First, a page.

In these coverage maps, green is good. The additional cell towers will improve service to areas where previously there was little to none: Starrigavan Bay and Eastern Channel. The new antennas could be activated as early as January, 2019. (GCI image)

In what the parties are calling a unique public-private partnership, the Sitka Electric Department has just installed five new cell phone towers — on behalf of wireless service provider GCI. The deal could help shave Sitkans’ electric bills by around $2-million over the next 20 years.

Sitka’s electric director Bryan Bertacchi began working on the idea a couple of years ago, as the department searched for new ways to generate revenue.

“As a utility, we’re really good at putting up poles,” Bertacchi explains. “What they do is antennas. And the community wants better cell service. And they certainly want revenue to share in that benefit that GCI gets, so I found it to be the perfect public-private partnership for the community.”

“As a utility, we’re really good at installing poles,” said Sitka’s Bryan Bertacchi. The “towers” are really just typical 60-foot utility poles — an intentional effort to keep the new cellular infrastructure relatively discreet. This pole is going in near the Cove Marina. (CBS image)

GCI is a telecommunications company founded 35 years ago in Alaska. Spokesperson Heather Handyside says the company has often had to look to creative solutions to improve infrastructure in such a huge region, but she doesn’t think it’s been done quite like this before.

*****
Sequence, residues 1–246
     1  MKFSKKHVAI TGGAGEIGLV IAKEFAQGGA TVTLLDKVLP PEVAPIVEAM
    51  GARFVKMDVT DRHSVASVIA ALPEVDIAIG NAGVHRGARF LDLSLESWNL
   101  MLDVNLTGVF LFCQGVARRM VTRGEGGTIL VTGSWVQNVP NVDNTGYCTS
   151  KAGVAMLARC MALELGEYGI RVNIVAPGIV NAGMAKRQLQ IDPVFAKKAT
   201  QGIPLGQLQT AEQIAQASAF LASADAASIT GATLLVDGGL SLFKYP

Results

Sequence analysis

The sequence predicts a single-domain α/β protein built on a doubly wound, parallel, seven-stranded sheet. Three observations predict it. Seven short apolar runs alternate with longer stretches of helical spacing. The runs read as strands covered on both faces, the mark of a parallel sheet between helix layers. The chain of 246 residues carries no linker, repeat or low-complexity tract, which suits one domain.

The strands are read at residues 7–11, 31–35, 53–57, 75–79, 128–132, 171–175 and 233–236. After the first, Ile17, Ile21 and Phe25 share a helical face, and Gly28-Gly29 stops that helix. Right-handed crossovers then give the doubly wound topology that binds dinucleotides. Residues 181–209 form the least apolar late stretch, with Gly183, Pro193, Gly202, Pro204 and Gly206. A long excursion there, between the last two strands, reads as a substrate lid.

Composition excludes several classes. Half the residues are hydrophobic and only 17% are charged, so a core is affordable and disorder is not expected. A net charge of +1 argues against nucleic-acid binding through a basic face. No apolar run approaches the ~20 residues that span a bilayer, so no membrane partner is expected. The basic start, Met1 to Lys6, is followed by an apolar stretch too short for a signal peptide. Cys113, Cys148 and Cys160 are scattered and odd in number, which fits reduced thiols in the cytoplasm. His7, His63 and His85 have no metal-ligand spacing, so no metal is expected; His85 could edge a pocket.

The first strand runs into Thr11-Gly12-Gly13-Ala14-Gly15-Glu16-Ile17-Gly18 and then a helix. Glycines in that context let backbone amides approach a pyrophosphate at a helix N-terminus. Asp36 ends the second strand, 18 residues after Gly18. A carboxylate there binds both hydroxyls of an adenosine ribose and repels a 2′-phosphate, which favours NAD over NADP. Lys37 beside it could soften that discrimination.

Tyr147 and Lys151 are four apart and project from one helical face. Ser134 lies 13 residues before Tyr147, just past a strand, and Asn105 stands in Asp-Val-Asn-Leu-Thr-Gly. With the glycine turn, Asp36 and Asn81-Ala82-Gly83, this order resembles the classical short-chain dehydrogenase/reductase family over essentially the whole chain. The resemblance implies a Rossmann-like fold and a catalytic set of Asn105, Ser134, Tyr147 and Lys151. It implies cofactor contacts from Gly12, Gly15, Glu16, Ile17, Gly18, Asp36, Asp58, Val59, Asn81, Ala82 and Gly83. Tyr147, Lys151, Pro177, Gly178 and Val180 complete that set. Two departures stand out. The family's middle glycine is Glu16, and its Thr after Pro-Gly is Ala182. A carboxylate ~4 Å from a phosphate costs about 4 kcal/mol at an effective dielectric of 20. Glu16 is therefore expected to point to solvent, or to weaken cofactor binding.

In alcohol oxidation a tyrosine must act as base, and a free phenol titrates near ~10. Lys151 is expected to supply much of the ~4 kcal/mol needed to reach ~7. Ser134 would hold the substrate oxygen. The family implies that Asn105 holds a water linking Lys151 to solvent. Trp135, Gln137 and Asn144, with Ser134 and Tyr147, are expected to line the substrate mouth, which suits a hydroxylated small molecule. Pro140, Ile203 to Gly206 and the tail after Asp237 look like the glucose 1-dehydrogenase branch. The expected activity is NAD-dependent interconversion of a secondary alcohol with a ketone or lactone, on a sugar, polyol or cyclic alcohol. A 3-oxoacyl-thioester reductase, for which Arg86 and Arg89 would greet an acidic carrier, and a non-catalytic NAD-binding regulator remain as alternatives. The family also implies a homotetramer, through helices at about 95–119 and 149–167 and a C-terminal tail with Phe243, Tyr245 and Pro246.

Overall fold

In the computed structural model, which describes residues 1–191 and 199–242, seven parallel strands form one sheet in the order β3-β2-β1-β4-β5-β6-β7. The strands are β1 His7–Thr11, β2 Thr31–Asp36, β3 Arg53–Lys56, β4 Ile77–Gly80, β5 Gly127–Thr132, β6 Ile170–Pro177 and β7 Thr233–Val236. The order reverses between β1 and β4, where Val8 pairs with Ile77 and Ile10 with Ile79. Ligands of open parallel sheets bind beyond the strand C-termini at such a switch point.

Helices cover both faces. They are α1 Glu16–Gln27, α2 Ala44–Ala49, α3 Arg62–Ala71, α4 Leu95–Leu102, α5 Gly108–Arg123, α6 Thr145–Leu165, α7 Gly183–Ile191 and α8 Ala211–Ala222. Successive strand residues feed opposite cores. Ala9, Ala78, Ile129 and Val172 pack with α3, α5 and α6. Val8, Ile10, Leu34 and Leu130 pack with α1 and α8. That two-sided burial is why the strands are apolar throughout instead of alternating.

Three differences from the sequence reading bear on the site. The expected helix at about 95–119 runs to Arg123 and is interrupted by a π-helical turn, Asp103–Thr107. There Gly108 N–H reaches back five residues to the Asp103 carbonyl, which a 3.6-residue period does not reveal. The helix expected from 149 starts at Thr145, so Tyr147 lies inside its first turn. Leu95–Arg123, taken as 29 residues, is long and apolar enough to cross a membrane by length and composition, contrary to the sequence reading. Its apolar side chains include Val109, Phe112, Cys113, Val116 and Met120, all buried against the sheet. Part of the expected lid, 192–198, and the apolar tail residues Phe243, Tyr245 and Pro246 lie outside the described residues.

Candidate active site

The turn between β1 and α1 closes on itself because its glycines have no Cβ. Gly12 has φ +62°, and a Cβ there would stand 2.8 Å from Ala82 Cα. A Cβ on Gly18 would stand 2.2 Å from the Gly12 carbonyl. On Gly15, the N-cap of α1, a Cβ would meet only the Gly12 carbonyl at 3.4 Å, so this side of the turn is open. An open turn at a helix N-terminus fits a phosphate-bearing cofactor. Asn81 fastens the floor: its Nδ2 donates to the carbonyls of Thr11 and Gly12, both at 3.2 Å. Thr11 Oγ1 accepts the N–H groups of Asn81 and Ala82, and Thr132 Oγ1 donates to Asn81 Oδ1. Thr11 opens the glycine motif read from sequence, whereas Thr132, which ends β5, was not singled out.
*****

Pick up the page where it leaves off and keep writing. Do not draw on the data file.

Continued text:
Sitka’s Bertacchi explains that the deal is pretty straightforward.

“We invested $300,000 in capital, but it returns not only $100,000 a year in a lease for 20 years — they also have a big electric load,” Bertacchi says. “Not only will each one of these towers have significant electric load, they’ve put in some switching on Japonski, on top of SEARHC hospital that’s a 400-amp feed. And there’s going to be some property tax involved for their equipment on top of the poles. So, from a community standpoint we’re looking at about $120,000 a year of revenue. So it’s less than a three-year payback on the investment that the community made through the Electric Department, and we get a lot better cell service.”

GCI already has antennas on SEARHC’s Mt. Edgecumbe Hospital, and on the Alaska Raptor Rehabilitation Center. The new towers are going in at the top of Shotgun Alley, on the hillside above Sea Mart, on the old Harbor Mt. Road, Viking Way, and at the ferry terminal. They’ll be discreet — as cell phone towers go — and will resemble Sitka’s existing 60-foot utility poles.

GCI says that the new coverage will significantly improve voice and data — even when a cruise ship is in town. But even though carrier contracts are common in telecommunications, Handyside wouldn’t disclose whether the new towers would benefit Sitka’s local AT&T customers.

And as KCAW found out, Bryan Bertacchi isn’t sure about that either.

KCAW – What about us AT&T customers? Are we going to be left out in the cold?
Bertacchi – You know it’s interesting, I’m an AT&T customer myself, and I would have loved to have made something work with them, but at the time it just wasn’t in the place — it wasn’t in the cards — to make it work. I think it will be interesting for all of us AT&T users — GCI’s service has gotten better already, they’ve done a lot of work on the existing system — but I think by the end of January all five of these sites will be in service. That’s how fast this has gone.

KCAW News reached out to AT&T Corporate Communications in Dallas, Texas, for comment on the issue, but has not yet received a response. Bertacchi plans to update the Sitka Assembly on the project at their next regular meeting, which has been rescheduled to Thursday, November 8.